These are the news items I've curated in my monitoring of the API space that have some relevance to the API definition conversation and I wanted to include in my research. I'm using all of these links to better understand how the space is testing their APIs, going beyond just monitoring and understand the details of each request and response.05 Jul 2017
I saw a blog post come across my feeds from the analysis and visualizaiton API provider Qlik, about their Qlik Sense API Insights. It is a pretty interesting approach to trying visualize the change log and road map for an API. I like it because it is an analysis and visualization API provider who has used their own platform to help visualize the evolution of their API.
I find the visualization for Qlik Sense API Insights to be a little busy, and not as interactive as I’d like to see it be, but I like where they are headed. It tries to capture a ton of data, showing the road map and changes across multiple versions of sixteen APIs, something that can’t be easy to wrap your head around, let alone capture in a single visualization. I really like the direction they are going with this, even though it doesn’t fully bring it home for me.
Qlik Sense API Insights is the first approach I’ve seen like this to attempt to try and quantify the API road map and change log–it makes sense that it is something being done by a visualization platform provider. With a little usage and user experience (UX) love I think the concept of analysis, visualizaitons, and hopefully insights around the road map, change log, and even open issues and status could be significantly improved upon. I could see something like this expand and begin to provide an interesting view into the forever changing world of APIs, and keep consumers better informed, and in sync with what is going on.
In a world where many API providers still do not even share a road map or change log I’m always looking for examples of providers going the extra mile to provide more details, especially if they are innovating thike Qlik is with visualizations. I see a lot of conversations about how to version an API, but very few conversations about how to communicate each version of your API. It is something I’d like to keep evangelizing, helping API providers understand they should at least be offering the essentials like a roadmap, issues, change log, and status page, but the possibility for innovation and pushing the conversation forward is within reach too!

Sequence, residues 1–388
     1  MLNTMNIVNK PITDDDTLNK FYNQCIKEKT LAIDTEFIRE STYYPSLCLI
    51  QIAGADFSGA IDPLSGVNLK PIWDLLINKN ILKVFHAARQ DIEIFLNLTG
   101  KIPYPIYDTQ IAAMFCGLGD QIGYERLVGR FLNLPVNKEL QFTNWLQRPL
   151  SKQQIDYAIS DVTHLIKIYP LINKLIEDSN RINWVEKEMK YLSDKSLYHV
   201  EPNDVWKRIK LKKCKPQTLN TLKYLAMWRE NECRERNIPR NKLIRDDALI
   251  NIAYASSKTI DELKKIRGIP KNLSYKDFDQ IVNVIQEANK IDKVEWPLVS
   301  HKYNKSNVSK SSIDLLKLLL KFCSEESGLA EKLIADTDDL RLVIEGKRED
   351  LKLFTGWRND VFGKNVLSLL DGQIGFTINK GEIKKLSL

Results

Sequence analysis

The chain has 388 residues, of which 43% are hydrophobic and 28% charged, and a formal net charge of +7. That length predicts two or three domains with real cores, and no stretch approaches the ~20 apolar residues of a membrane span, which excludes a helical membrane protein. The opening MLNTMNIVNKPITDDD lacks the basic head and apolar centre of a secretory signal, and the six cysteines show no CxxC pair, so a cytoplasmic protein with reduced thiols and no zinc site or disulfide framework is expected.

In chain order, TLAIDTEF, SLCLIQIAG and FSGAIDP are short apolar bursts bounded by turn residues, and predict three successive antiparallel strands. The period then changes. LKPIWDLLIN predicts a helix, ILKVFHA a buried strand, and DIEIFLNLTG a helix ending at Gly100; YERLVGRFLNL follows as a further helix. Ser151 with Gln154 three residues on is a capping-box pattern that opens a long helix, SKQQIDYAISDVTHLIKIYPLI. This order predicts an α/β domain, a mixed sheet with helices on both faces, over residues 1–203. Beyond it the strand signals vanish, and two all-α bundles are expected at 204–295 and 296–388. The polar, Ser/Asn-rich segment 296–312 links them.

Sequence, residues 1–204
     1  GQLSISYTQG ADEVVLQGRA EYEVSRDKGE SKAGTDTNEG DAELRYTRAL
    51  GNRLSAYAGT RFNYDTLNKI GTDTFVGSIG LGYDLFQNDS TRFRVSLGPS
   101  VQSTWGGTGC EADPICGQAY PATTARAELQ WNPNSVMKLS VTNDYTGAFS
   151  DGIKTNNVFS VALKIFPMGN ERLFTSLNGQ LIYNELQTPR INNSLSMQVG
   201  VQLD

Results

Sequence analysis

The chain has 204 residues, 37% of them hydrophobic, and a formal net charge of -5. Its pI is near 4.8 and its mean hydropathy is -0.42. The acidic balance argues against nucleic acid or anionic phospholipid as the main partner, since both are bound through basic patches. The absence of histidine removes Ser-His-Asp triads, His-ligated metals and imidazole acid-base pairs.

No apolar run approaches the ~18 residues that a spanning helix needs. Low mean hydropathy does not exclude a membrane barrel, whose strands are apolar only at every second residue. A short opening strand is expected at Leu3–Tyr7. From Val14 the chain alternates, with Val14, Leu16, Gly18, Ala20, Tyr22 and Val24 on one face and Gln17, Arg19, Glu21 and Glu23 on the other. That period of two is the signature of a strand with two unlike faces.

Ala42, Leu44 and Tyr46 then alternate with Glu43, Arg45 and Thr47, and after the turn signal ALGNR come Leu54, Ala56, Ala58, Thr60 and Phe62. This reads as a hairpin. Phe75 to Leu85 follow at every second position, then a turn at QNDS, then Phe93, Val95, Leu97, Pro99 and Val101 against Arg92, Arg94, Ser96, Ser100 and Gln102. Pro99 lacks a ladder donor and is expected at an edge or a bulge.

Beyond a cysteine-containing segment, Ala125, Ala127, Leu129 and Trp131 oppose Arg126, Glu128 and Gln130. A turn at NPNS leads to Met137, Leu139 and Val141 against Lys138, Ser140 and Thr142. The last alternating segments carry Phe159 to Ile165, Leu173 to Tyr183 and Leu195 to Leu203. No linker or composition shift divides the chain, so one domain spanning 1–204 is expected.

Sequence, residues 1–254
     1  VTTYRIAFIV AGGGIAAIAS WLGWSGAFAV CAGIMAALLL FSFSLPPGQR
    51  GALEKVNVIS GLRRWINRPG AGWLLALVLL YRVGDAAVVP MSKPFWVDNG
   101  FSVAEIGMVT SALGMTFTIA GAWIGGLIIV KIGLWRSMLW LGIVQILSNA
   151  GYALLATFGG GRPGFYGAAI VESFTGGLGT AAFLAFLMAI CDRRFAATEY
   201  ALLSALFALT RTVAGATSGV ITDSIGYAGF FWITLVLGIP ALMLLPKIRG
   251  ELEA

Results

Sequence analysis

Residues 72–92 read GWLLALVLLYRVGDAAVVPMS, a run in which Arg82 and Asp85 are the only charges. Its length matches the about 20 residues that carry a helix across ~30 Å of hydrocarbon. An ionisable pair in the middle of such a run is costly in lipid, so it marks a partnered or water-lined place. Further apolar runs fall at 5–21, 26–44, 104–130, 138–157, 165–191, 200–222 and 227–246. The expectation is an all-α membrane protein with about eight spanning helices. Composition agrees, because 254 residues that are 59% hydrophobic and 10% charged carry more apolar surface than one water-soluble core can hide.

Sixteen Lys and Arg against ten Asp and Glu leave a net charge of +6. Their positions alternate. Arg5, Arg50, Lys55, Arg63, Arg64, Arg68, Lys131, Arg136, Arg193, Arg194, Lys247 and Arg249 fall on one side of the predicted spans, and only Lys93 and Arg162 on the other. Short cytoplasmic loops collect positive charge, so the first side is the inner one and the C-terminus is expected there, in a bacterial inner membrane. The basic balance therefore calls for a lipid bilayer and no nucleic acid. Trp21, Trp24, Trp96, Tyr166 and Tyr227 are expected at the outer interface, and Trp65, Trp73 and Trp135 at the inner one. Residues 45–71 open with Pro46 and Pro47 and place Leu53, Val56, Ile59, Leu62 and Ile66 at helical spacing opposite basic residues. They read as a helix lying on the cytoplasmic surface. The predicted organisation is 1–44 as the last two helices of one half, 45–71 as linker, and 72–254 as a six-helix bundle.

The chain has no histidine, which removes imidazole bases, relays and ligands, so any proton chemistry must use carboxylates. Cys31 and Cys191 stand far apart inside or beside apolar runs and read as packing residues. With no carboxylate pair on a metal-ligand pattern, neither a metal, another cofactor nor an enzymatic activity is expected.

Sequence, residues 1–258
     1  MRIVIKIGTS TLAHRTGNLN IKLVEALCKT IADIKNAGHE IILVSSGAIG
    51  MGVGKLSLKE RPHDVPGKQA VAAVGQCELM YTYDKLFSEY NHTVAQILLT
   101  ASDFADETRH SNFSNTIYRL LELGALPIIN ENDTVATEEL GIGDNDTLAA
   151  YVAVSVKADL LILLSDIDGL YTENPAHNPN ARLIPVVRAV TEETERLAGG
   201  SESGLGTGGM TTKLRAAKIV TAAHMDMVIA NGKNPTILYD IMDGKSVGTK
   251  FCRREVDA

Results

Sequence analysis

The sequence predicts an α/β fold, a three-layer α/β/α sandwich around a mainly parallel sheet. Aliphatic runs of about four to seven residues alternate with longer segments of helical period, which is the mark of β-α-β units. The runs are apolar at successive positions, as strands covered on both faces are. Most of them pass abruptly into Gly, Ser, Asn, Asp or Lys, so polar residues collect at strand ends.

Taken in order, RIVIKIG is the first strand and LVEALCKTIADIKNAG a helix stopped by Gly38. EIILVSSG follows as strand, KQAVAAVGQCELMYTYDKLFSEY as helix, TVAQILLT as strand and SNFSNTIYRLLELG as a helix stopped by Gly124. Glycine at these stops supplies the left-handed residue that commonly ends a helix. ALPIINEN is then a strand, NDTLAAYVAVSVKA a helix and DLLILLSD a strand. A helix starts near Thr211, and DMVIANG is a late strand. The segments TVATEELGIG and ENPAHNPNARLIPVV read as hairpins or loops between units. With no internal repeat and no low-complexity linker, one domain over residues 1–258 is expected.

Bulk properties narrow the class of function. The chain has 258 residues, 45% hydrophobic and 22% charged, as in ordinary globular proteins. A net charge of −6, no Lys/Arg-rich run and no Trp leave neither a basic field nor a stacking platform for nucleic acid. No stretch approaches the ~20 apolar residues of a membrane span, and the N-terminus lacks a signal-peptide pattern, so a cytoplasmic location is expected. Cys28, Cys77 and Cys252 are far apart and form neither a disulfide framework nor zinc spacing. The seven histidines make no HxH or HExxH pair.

I have been learning more about Apicurio, which is the open source API design editor I have been waiting for. There are a number of things I’m interested in when it comes to Apicurio, but one side element that caught my attention was their road map.
I am a big fan of encouraging folks to share their roadmap. It is an important part of helping establish a shared future between API provider and API consumer. Apicurio is an API tool, without any APIs (yet), but the roadmap purpose remains the same. I like how Apicurio shares their tech preview, beta, and 1.x plan, in a coherent and organized way–you do not have to be a developer to understand what they are planning.
As I was using Apicurio I had a lot of questions about what it didn’t do. I had a lot of ideas about what it should do, and before I set out writing these ideas on my blog I spent some time with their road map, syncing items on my list with items on their roadmap. After I was done, I had reduced my list of questions and ideas to just a handful of items–which I will write about shortly. Their proactive, coherent, and complete road map saved me time, but also will save them time when it comes to listening to my feedback (if they do).
Complete, coherent, and plain English road maps are another one of those super simple, captain obvious ideas that over 50% of the APIs I review DO NOT HAVE. Which is why I’m writing about it and showcasing a positive example like Apicurio. Please do not forget to share road map with your community–it will save us both time.
I am stepping back to today and thinking about a pretty long list of API design considerations for the Human Services Data API (HSDA), providing guidance for municipal 211 who are implementing an API. I’m making simple API design decisions from how I define query parameters all the way to hypermedia decisions for the version 2.0 of the HSDA API.